Box Office Challenges

All in all, Finnish indie films may not be very different from the films of indie film communities worldwide, or even in the U. S. thematically or in terms of genre. But though screened side by side with U.S. “indie darlings” at the Helsinki Love & Anarchy film festival this year, Finnish indies are made within a very different film industry.

In a country where the majority of film production relies on state support — namely, the Finnish Film Foundation — going independent can be especially tricky. The Finnish audience does seem to favor domestic films — in 2014, there were four Finnish productions among the top 5 films screened in Finland, the only U. S. one being “The Hobbit” — but still, audiences tend to be wary of smaller productions: out of the 20 most successful domestic films at the Finnish box office, only one has been produced independently (and most years, there is none), and its success has caused quite a sensation. It was the country’s first fully-crowdfunded film, “Dream Driven,” a documentary about three men driving from Helsinki to Nepal in a postal van, raising money for children’s education in Nepal, all the ticket sale profits (110,561 Euros) supposedly going back to help the same cause.

There’s also a distrust of films that don’t seem Finnish enough: films made through conventional production routes and funded by the Finnish Film Foundation predominantly cater to the domestic audience, and often resort to the conventions of the Finnish national cinema. Often, these films are populated by outlandish, alienated and isolated characters (as living on the outskirts of Europe might make them), who are expressing themselves in every possible way but with words, and sometimes seek refuge from urban life in the wilderness.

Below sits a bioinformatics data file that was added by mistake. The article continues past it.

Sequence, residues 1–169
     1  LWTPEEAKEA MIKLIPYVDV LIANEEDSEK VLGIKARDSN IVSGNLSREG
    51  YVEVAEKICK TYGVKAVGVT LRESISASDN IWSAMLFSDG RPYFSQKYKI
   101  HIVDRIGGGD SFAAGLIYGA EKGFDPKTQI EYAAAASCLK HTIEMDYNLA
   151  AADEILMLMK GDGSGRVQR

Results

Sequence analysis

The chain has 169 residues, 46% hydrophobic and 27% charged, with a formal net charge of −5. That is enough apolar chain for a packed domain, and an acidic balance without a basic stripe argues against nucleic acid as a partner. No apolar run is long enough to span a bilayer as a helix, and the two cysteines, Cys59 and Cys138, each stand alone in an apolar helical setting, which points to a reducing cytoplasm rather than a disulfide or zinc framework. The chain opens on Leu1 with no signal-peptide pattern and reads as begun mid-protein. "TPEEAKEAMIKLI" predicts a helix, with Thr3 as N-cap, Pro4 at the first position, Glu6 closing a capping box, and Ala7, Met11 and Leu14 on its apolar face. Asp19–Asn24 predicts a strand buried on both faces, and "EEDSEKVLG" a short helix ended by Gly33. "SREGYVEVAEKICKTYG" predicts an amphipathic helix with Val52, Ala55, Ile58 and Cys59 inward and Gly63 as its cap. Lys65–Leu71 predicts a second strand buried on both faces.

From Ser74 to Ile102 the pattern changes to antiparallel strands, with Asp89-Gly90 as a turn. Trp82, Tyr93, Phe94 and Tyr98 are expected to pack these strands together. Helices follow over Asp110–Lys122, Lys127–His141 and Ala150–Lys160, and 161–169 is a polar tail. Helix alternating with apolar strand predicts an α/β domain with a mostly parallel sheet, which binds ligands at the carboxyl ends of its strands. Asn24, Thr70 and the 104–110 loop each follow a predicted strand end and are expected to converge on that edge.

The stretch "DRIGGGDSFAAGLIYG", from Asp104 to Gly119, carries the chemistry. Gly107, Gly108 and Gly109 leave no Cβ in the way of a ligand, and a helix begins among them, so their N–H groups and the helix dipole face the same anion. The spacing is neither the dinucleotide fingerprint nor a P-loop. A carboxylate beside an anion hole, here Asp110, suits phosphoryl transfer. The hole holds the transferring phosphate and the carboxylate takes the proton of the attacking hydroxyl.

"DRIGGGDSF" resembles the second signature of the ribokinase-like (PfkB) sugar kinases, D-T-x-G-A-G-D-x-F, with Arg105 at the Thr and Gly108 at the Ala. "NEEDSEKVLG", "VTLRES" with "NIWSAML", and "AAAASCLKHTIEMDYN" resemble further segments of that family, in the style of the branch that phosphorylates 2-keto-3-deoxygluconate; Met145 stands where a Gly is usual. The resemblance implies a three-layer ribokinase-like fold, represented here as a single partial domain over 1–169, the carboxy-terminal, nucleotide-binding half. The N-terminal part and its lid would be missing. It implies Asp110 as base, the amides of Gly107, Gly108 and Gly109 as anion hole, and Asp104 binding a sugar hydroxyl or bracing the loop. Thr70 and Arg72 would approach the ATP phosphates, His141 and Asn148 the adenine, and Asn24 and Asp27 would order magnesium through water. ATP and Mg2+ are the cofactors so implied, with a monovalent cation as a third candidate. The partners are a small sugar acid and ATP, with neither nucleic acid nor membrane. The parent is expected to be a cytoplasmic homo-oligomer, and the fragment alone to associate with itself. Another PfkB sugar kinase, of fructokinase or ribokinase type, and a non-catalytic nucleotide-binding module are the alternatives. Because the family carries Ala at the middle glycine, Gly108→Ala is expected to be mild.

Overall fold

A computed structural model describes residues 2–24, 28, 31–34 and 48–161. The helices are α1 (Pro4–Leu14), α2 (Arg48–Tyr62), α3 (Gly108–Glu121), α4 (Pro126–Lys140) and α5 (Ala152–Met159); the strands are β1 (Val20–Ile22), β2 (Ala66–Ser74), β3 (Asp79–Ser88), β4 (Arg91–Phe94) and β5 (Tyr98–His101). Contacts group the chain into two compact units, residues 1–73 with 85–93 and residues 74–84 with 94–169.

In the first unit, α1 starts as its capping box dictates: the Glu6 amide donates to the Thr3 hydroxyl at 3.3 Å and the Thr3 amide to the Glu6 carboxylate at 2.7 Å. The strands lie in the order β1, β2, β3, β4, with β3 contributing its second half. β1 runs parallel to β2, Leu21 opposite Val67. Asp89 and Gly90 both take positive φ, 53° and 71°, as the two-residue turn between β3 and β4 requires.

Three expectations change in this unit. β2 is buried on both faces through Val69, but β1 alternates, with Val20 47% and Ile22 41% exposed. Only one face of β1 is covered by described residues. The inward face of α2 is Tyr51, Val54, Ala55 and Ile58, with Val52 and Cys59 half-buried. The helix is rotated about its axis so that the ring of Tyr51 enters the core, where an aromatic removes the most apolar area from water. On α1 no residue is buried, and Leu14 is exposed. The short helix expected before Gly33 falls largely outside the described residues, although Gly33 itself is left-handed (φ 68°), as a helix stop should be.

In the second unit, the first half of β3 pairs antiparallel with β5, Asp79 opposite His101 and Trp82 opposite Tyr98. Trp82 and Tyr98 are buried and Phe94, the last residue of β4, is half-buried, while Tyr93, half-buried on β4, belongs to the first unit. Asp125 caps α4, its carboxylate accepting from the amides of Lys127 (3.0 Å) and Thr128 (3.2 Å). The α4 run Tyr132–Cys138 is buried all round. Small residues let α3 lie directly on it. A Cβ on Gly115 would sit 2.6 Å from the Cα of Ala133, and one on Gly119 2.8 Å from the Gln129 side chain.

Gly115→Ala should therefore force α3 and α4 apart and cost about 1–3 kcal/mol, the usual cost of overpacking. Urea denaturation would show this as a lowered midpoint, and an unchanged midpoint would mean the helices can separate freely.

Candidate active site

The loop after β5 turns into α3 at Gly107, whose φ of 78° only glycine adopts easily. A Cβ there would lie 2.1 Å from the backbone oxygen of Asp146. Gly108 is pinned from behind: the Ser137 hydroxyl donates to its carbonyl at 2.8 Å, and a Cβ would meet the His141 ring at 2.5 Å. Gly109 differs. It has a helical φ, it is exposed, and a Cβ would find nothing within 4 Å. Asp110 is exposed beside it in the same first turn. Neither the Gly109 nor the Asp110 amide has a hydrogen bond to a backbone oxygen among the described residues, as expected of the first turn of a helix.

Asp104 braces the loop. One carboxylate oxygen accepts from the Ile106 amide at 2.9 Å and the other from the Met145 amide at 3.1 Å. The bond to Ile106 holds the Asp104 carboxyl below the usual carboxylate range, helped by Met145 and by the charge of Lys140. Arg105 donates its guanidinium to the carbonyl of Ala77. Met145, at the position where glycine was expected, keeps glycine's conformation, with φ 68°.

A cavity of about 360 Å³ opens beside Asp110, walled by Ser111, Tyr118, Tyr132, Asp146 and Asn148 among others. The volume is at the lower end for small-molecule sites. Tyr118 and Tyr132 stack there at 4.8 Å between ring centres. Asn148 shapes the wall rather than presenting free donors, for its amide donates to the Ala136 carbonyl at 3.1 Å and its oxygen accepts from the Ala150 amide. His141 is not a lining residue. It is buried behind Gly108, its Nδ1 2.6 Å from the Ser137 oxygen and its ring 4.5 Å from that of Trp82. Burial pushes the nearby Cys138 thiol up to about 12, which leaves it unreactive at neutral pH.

Starting out in cooperation with an independent, DIY, underground film production company Filmtotal himself, Aki Kaurismäki might be the best-known Finnish filmmaker internationally. However, in Finland, his movies — experimental deadpan narratives that challenge conventions and maintain an uncompromising critical stance toward the contemporary Finnish society — have often been derided for their un-Finnishness, rarely achieving commercial success outside art-house cinemas (the only exception is his last film, “Le Havre,” which was the the country’s second-highest grossing film in 2011.)